- What assistance are the teen mother and her baby receiving now?
- What services are available to assist the mother and her son after the infant is released from the hospital?
In other words, what commitments has the community made to step in and help babies and their parents when it’s obvious that they desperately, desperately need assistance in a job that they’re so obviously not prepared for? A job, that if not done well, has dire consequences for the child, the parents and the community?
Catch my drift? This family is like a car without a padded dashboard, safety glass, anti-lock brakes, seat belts and airbags. Once we stop looking at every case of child maltreatment as the responsibility of ONLY the parent, and start including the community, more parents will be equipped and supported in life’s most important endeavor, and kids will grow up happier and healthier.
Ah. And that reminds me of a few more questions. If there was no intervention when there could have been….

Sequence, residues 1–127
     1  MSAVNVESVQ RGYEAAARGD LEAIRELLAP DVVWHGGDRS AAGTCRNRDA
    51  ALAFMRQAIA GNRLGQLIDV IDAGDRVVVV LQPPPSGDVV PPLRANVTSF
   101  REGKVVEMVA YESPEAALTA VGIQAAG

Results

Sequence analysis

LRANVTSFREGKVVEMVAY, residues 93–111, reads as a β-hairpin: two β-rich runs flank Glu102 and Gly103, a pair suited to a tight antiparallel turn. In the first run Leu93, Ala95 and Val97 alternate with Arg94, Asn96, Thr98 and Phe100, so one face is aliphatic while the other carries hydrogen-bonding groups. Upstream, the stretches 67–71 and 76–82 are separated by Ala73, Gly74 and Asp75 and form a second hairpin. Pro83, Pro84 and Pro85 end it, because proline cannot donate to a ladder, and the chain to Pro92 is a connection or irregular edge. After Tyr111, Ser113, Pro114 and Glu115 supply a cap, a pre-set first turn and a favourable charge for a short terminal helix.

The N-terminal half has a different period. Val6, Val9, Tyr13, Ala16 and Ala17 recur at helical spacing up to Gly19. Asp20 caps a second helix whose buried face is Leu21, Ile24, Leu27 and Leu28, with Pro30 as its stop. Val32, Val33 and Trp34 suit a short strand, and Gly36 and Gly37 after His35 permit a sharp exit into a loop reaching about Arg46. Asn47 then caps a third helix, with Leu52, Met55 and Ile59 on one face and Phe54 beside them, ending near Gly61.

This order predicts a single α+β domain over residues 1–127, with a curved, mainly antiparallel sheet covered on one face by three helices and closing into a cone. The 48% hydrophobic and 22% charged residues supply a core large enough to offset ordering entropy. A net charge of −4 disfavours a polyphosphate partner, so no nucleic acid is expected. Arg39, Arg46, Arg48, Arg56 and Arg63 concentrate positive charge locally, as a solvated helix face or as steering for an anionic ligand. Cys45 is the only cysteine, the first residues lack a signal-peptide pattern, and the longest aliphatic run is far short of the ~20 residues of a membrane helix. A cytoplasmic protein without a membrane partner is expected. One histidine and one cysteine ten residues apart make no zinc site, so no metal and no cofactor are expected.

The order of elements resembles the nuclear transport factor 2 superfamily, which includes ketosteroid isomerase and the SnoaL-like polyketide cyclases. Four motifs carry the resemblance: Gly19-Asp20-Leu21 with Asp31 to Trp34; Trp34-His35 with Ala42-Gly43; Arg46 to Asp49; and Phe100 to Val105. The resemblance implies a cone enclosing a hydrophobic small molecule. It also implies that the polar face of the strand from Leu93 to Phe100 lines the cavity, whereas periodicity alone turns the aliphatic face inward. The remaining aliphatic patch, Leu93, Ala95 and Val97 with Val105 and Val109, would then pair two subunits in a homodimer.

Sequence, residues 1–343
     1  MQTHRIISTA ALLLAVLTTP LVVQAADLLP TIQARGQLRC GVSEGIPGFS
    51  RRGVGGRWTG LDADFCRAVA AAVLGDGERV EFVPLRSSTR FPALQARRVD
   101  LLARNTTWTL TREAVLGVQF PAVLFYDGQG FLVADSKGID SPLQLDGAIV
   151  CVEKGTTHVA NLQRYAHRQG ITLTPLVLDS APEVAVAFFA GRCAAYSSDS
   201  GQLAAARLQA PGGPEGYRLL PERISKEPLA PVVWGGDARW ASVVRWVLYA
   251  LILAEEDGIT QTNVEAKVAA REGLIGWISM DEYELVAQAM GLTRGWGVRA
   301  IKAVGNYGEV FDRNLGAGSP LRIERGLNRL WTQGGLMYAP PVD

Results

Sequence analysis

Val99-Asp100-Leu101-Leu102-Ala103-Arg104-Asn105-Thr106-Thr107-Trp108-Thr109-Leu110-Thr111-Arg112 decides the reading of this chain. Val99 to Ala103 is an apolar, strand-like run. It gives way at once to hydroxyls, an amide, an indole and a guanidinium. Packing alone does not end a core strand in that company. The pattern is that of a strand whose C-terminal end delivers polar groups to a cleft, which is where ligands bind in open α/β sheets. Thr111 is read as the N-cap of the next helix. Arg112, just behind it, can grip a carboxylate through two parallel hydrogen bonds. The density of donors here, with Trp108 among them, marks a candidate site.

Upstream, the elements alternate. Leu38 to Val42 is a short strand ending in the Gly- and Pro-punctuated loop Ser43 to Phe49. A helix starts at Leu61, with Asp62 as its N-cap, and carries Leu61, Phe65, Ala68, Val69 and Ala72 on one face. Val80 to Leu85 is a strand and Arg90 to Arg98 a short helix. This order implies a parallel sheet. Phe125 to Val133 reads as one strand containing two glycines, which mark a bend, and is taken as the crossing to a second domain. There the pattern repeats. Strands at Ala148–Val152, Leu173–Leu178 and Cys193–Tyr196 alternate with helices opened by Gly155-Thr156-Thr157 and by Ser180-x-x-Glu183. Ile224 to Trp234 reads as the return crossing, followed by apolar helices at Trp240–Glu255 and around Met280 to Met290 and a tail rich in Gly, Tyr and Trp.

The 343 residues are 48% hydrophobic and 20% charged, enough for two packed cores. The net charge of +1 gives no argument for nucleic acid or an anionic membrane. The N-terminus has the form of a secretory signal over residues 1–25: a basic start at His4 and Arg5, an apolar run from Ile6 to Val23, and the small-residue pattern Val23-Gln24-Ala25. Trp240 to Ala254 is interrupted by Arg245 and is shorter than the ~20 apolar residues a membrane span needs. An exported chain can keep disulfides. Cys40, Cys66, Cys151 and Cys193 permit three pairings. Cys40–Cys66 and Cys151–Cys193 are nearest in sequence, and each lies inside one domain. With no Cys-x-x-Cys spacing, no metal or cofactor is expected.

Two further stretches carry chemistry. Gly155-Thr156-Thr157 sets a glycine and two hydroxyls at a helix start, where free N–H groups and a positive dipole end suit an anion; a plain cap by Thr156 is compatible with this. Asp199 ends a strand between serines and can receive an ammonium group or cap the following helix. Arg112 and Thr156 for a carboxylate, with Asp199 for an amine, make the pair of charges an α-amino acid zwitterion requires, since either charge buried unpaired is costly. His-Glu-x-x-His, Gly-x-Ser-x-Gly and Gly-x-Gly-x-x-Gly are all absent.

- How much did the police involvement cost the community?
- How much did the baby’s surgery and hospital stay cost the community?
- How much will the court case cost the community?
- How much will imprisoning the father cost the community if he’s convicted and sent to jail?
- And how many in the community can endure the thought of that infant suffering so much?
Thanks, Dan. One of the roles of the journo — the modern digital journalist — is to provide ample context and continuity in a solution-oriented matrix. These questions should come in handy for that approach!
Jane, you make an excellent point (and also betray yourself as a thoughtful, thoroughgoing journalist). You know what happens in most newsrooms, though: We skim the surface of these cases and move on to the next one. It would be an improvement, though, if we just paused to reflect on questions like these before we race to the next story or broadcast.